Major private-equity companies include KKR, Apollo, Carlyle and Blackstone. They were originally referred to as buyout shops. They now prefer to be called alternative asset managers. They are engaged not only in LBOs (with equity investments) but also in debt financing. Over the years, these companies have been highly successful. They now also make large investments in less-risky opportunities with equity and debt investments. These private-equity companies now are considered as multi-purpose alternative asset managers.
The Dangers of Leveraged Finance
The dangers of leveraged finance can be masked in a low-interest-rate period. This could change if and when interest rates start creeping up, which is very possible now that we seem to be entering into an inflationary period. Leveraged loans in general are floating-rate loans, and the interest on these loans will float upwards as interest rates increase.
A major danger of leveraged finance is that we are living in an environment in which there is just too much money chasing too few deals. Furthermore, in a low-interest-rate environment, investors are “reaching for yield” and are becoming more and more careless. A major problem is “covenant lite”. Perhaps 80% of deals today do not have adequate covenant protection. (“Covenant lite” refers to the easing of terms and conditions in loan and bond purchase agreements.) In addition, leverage is increasing because lenders are willing to overlook high Debt/EBITDA (earnings before income taxes, depreciation and appreciation) ratios. Furthermore, EBITDA is more and more being subjected to upward adjustments, which is another way of tolerating dangerously high levels of debt that perhaps will crush more and more companies.
Evolution of Leveraged Loan Market
The leveraged loan market started out in the 1980s as a bank market. A major bank would syndicate a credit and sell out participations to other banks in the U.S. including foreign banks here. The major syndicators were Chemical Bank, Bank of America, Chase and other major U.S. banks. Eventually, the loans were syndicated to nonbanks. This occurred after the Great Financial Crisis (“GFC”), when regulations made it more punitive in terms of capital requirements for banks to lend—especially to below-investment-grade borrowers. Now, the major buyers of these syndicated loans are CLOs (collateralized loan obligations), which own about 2/3 of all syndicated leveraged loans in the U.S. market.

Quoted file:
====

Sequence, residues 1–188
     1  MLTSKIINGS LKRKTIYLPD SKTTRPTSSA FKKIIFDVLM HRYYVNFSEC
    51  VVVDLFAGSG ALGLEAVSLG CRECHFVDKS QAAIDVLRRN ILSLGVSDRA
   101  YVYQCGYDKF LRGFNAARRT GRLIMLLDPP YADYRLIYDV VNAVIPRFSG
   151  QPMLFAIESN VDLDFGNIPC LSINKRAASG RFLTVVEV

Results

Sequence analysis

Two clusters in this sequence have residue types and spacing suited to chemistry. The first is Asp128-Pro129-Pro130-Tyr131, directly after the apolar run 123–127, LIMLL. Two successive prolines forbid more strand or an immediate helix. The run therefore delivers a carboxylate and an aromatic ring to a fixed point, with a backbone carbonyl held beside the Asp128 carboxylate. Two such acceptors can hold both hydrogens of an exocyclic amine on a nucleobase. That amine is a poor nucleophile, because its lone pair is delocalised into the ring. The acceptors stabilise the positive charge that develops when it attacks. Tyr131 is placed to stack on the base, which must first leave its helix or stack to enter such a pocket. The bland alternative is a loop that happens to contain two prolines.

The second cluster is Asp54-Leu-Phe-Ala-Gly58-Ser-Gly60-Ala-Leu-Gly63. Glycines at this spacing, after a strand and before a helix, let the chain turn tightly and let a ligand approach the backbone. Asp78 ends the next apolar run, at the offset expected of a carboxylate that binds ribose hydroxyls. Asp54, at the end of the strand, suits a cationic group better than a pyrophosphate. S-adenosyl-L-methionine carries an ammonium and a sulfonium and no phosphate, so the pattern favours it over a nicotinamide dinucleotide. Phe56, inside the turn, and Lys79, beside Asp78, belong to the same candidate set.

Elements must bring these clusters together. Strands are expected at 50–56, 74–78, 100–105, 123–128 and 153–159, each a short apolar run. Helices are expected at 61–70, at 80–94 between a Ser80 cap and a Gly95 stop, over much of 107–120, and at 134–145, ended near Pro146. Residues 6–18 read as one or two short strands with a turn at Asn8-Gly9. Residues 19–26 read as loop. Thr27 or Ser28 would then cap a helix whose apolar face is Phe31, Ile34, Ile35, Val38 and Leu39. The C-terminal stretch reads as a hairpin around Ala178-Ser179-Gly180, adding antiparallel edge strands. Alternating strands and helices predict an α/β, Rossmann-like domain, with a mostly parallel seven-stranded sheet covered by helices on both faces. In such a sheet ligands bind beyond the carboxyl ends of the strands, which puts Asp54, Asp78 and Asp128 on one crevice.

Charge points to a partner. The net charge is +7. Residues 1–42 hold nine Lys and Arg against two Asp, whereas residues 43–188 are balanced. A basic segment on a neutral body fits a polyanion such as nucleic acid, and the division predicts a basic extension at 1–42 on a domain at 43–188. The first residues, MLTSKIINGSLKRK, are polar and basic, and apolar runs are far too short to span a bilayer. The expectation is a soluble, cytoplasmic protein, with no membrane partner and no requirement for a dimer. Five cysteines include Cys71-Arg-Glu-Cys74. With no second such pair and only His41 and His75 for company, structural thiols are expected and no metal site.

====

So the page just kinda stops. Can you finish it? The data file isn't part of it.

CLOs and How They Operate
A CLO is an investment vehicle specifically created to own leveraged loans, which, as previously noted, are principally senior secured floating rate loans. A CLO is typically financed by a small amount of equity (approximately 10%) with the remainder financed by tiered floating-rate debt instruments. About 65% of the financing comes from AAA bonds, which have a first-priority position on the CLO assets; the remaining debt (about 25% of the financing) comes from tiered, lower-graded debt (rated AA, A, BBB and BB), which has second, third, etc. priority claims on the CLO assets.
In difficult times, CLOs have performed well. During the GFC, no debt holder lost money because of credit considerations. As a matter of fact, very few CLO bondholders to date have ever lost any money because of credit considerations. During the GFC in 2008-09, the CLO market performed quite well. There were concerns at the beginning of Covid-19 that the CLO market would suffer because CLOs are a subset of what is known as CDOs (collateralized debt obligations). The problems feared have never materialized. One of the reasons for the fears was because mortgage-backed securities and collateralized mortgage obligations (which also are subsets of the overall CDO market) were instrumental in causing the melt-down that occurred in 2008-09. This fear of CLOs has proven to be misplaced.
Before the GFC, BBB and below-investment-grade CLO debt holders did lose some money, but the amounts were negligible. These losses were incurred by investors in CLOs whose asset managers carelessly deviated from industry norms.
I have spoken to CLO managers and have been told that the current CLO structures are so robust that it would take exceptionally poor investment decisions to jeopardize principal even in below-investment-grade tranches.
A major advantage of CLOs is the diversification of credit risks. Other advantages include the fact that most of the CLO assets consist of senior secured leveraged loans, which are highly credit-worthy by and large, despite their below-investment-grade ratings. A final advantage is the fact that the loans are floating-rate so that, if and when interest rates go up, the loans should not lose market value.